Kitchen Table Wisdom is about a Doctor, Rachel Naomi Remen. It is about her journey through life, with a life threatening illness, becoming a doctor when most doctors were men and finally realizing that people needed to be cared for not just treated.
This book takes the form of short stories. She tells of her patients and their struggles to connect to the people around them. She tells of their desires to mean something to their doctors, even when the doctors treat them as a piece of business to take care of.
Some of the stories felt repetitive to me, but I don’t know that she could take any of them out. Some of the ones that didn’t mean anything to me might mean the world to another reader. I loved the stories, sometimes the words between the stories felt too long because I wanted to know more about the people she was helping.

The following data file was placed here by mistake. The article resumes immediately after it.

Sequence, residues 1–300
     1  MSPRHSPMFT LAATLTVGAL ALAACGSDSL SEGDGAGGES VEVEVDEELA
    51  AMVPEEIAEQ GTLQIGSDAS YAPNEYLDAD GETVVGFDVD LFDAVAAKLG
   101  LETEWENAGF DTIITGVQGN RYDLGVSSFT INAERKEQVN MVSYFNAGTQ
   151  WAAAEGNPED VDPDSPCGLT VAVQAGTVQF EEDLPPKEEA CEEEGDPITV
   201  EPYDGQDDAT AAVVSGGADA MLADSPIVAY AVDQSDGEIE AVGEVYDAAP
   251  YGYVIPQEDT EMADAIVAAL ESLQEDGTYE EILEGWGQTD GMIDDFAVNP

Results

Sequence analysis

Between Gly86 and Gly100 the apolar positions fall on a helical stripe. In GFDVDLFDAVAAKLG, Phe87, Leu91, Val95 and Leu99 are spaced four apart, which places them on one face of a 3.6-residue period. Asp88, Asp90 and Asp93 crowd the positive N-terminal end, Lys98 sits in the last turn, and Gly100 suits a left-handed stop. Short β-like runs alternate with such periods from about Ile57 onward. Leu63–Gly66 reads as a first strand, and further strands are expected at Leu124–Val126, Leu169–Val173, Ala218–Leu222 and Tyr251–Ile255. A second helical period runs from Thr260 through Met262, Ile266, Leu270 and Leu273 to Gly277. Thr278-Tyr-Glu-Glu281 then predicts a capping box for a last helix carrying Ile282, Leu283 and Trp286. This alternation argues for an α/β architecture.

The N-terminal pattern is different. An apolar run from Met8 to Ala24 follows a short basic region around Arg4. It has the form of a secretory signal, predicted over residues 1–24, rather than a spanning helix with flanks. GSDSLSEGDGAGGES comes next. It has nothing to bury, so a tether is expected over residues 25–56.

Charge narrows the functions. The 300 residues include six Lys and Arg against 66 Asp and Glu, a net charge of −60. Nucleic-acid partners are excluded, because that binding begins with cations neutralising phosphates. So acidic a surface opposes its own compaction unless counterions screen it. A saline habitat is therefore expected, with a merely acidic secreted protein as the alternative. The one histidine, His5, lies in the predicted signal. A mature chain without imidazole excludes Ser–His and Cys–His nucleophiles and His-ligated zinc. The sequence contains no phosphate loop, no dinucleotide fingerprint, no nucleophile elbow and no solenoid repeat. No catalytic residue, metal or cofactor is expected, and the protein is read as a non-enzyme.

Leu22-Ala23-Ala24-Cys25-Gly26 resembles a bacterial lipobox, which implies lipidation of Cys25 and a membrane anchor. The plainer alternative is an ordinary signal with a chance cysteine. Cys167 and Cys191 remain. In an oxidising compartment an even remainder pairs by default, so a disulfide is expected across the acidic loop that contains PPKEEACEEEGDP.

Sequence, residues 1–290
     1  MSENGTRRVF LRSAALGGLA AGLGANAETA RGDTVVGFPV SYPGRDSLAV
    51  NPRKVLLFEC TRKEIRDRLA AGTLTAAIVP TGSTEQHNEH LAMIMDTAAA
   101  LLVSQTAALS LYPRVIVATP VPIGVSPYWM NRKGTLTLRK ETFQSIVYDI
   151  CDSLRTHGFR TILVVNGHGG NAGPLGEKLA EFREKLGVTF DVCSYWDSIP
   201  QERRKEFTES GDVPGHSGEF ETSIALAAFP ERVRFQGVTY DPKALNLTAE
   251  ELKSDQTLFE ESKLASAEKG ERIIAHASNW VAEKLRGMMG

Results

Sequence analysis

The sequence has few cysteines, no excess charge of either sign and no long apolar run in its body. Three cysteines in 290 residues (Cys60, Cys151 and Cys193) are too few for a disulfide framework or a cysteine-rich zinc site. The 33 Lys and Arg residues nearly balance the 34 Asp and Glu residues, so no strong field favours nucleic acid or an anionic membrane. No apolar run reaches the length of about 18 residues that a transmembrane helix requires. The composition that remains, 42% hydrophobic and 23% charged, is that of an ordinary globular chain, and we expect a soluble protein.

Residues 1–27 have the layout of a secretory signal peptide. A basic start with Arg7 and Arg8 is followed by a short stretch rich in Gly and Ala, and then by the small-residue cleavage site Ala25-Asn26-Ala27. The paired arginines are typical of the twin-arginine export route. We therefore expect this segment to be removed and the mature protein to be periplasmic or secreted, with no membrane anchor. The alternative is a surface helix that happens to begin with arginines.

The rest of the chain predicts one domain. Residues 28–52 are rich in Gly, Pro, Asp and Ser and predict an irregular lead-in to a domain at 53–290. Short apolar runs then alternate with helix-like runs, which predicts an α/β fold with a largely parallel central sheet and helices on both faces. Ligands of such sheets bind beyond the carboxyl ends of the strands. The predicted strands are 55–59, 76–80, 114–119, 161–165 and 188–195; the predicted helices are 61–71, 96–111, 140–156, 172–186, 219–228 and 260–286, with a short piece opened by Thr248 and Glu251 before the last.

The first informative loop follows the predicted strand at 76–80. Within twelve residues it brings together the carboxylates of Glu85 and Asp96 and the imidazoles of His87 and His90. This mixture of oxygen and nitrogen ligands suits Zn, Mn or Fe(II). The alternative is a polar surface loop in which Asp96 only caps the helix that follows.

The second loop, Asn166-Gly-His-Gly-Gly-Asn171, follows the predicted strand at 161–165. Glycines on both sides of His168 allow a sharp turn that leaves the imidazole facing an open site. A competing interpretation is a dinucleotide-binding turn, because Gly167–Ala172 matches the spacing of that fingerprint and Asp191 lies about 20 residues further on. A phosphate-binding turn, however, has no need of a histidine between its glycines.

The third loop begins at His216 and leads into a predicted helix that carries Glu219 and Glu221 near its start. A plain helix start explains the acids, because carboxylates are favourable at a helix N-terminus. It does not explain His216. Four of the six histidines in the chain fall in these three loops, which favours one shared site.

I think the number one reason I liked this book, is because Dr. Remen’s how philosophy is helping patients to heal by listening to them. There have been so many times in my life where I thought the doctors saw me as a number and not as a person. It is refreshing to see someone take the opposite approach.
My final verdict? I liked it. I didn’t love it. I did love it for the first half and after that it seemed repetitive to me. Try it, maybe you will love it.
Thanks for the review, this one is on my to-read list. I saw that "Complications" by Atul Gawande is on your queue. I really liked that one. And I would recommend reading "Better", his second book, after you've finished the first. They complement each other nicely.